April 1st, 2007

Let’s biograph!

The passage below is from a project of a few weeks ago, wherein I needed to come up with a “writer’s biography.” Of course, what I came up with was far too long and self-indulgent, but it did reveal to me how easy it is to become fatalistic in retrospect, assuming that you were always becoming what you ended up as now. This bio, which I’m happy to put in blog form, since it is otherwise useless (what I ended up using was so so so much shorter) makes it seem as if I always planned on being a writer, and never had a friend or a date or a job on the way that distracted me. Ahahaha. I barely know what I want to be *now* and, for all intents and purposes, I *am* whatever I was going to become. Anyway, with this is brief (but not brief enough) and ellided version of my past history as a writer, should you care.

I am from a very small southern Ontario town, a perfectly nice place to live, although perhaps a bit pointless to visit. My brother and I spent our childhood reading whatever our parents and teachers handed us, watching whatever came on television, and playing with whatever fell into the yard (snow, spring runoff, grass clippings, green apples, toads, dirt). Our town lacked a high school so we were bussed to a poshish suburb a half hour away. I’d always written stories, high school had a newspaper and a yearbook, for me to write for and later edit, and a literary festival for me to enter. I won often enough to get confused about the usual probability of doing so. I was often lucky—I won second place in a city youth festival, but the newspaper decided to run my piece instead of the winner’s because mine was shorter. I didn’t know the difference between a kids’ writing contest and a journal’s call for submissions, so I sent something to the latter and they actually took it. That seemed nice, but when the editor significantly altered the story, my teenage ego was horrified. In retrospect, I don’t know what either of us was thinking, because in both versions of the story, someone gets eaten by an alligator. That one gets left off my credits list.

In my final year of high school, I was able to take a writing workshop (it was a very good high school). Workshopping was concept I’d not seen before, but it seemed brilliant to me. I loved hearing what others thought of my work, and trying to help them with theirs. And so the pattern was set: I loved being edited and hated being published. I moved to Montreal when I was 19 to attend McGill. After some brief confusion about how good I was at math, I pursued an honours English degree with an irrelevant but entertaining geography minor. I eventually wound up as literary editor of the arts magazine, and published some stories there and in other student publications. McGill had no creative writing courses then (I hear with envy that they do now), but in my second year, a kind prof offered a non-credit prose workshop. Everyone worked like crazy for that non-credit.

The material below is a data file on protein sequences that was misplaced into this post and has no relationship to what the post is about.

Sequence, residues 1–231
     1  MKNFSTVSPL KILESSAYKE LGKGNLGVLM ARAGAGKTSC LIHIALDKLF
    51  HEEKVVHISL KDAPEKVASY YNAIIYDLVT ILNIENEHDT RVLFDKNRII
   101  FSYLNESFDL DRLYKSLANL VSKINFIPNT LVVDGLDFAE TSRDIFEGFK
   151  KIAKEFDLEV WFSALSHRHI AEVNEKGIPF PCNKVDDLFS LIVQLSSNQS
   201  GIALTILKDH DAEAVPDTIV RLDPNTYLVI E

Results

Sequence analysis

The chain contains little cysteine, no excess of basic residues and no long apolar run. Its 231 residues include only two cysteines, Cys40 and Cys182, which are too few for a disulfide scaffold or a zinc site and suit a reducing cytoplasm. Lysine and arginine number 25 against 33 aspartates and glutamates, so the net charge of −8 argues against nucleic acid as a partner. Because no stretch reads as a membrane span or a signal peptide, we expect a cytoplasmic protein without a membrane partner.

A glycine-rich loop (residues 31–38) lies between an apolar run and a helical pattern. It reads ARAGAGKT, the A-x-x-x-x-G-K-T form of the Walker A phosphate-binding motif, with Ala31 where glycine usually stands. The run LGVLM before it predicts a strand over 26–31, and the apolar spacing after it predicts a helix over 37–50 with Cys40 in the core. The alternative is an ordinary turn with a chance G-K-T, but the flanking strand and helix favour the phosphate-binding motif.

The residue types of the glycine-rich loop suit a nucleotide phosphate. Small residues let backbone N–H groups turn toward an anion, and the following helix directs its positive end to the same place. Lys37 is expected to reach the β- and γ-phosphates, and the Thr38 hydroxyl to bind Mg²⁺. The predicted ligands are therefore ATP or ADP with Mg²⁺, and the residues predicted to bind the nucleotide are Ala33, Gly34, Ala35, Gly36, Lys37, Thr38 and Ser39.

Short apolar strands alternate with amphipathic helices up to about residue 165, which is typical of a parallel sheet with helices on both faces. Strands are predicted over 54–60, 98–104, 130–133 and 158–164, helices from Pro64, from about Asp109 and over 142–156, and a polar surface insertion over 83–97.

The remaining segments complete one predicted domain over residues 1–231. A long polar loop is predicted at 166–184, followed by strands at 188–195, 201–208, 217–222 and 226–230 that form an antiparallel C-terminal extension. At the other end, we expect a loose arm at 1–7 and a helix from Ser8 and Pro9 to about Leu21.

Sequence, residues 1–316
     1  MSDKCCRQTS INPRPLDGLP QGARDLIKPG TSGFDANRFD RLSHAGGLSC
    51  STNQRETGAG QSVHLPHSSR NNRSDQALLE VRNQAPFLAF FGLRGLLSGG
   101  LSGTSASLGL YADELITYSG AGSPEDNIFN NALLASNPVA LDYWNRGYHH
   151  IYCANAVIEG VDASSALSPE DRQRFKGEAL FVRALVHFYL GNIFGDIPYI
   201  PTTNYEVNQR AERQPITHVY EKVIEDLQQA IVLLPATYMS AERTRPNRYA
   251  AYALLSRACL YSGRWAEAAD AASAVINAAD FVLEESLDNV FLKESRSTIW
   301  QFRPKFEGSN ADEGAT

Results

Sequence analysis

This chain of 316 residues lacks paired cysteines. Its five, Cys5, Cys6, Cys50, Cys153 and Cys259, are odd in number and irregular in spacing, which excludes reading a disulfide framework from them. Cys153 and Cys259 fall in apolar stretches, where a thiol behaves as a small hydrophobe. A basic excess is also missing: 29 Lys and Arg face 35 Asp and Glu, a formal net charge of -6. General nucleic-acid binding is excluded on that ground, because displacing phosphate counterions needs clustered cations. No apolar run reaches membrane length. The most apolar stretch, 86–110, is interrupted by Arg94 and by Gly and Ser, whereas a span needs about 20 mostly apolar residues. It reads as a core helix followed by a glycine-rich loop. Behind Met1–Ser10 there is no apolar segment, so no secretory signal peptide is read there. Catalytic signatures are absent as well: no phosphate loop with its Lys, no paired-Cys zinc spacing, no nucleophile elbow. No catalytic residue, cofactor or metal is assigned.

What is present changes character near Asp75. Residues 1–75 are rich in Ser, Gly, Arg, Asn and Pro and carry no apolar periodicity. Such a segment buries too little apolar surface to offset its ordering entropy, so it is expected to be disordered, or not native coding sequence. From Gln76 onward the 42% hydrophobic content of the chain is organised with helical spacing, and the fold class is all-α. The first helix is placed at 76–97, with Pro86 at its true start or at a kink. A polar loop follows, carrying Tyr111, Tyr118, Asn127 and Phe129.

The following year, I took a writing course at Concordia. There were some great minds in the class, but it was strangely embattled and ended in revolution. Since it hadn’t been an ideal experience and McGill was against fourth year transfer credits, I moved on to an informal writing group that some of my most likeminded Concordia classmates had started. It was (sigh) called “Write Club” after Chuck Palinchuk’s novel Fight Club and it was terribly masculine, despite the fact that I was not the only female in it. One of the boys wanted to be Charles Bukowski and they were always drinking absinthe. Another boy had a kitten named Chub-Chub that he kept in the hood of his jacket and even that was macho. I can’t explain it.

After I finished my honours thesis (on ironic distance in Tess of the d’Urbervilles and Tom Jones), I graduated and, eventually, moved to Toronto. I started taking publishing courses at Ryerson in the evenings and being treated strangely at strange jobs during the day (a theme in my life long before and since, and one of the few autobiographical details I think is probably evident in my fiction). Finally I got a job that allowed me both school and leisure time, and I was able to write a bit more. I got to take a writing class for free at George Brown by winning a postcard story contest in which I may or may not have been the only entrant. It was the only writing class I ever took that had no workshop component, which I found odd. I joined a few writing groups with friends, all productive but none permanent.

When I finally graduated from Ryerson, I started taking continuing studies writing classes. In one, I finally found a group of people with whom I could workshop ad infinitum (so far, so good) but by then I was realizing that I wanted to give full-bore writing at least a little chance, so I enrolled in the MA program in English and Creative Writing at University of Toronto.

In the first year, I workshopped and took courses on Virginia Woolf, Bibliography, Magical Realism, Environmental Literature and Canadian Satire. I wrote a lot and learned a lot and found another brilliant workshop group. At the end of the school year, it also occurred to me that if I wanted to be a real writer, it might be good if someone who didn’t know me personally actually read my work. It had been a long time since the alligator story, and I had had a lot of feedback in the meantime, and learned to take it manfully (womanfully?) I figured I’d be ok no matter what happened, so I sent out everything I had on my hard drive. I got many rejections—not too many to count, but I’m not counting them anyway. I also got some acceptances, five so far, which isn’t huge but is in every way enough validation to keep me going. And so I keep going.

And then, as my dear friend Anne-Michelle would say, it was now.

I am answering the questions / I am asking of myself
RR

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